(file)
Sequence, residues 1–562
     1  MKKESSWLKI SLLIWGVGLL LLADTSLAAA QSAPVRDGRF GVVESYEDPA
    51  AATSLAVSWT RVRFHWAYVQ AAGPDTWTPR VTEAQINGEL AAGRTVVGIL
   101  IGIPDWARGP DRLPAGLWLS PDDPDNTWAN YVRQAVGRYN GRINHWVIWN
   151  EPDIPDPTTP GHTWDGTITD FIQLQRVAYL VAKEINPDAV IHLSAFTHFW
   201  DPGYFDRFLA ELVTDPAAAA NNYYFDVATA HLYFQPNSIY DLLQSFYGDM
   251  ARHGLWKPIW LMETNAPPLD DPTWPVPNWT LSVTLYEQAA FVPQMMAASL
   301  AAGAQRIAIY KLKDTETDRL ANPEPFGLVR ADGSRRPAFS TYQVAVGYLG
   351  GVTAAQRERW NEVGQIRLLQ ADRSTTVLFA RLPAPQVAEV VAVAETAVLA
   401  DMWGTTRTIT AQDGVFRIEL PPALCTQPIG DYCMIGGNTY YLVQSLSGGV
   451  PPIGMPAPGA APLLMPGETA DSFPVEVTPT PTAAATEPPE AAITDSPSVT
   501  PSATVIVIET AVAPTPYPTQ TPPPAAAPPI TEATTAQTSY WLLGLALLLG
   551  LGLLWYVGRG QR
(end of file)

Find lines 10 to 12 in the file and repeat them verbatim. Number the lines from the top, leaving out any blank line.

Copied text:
   401  DMWGTTRTIT AQDGVFRIEL PPALCTQPIG DYCMIGGNTY YLVQSLSGGV
   451  PPIGMPAPGA APLLMPGETA DSFPVEVTPT PTAAATEPPE AAITDSPSVT
   501  PSATVIVIET AVAPTPYPTQ TPPPAAAPPI TEATTAQTSY WLLGLALLLG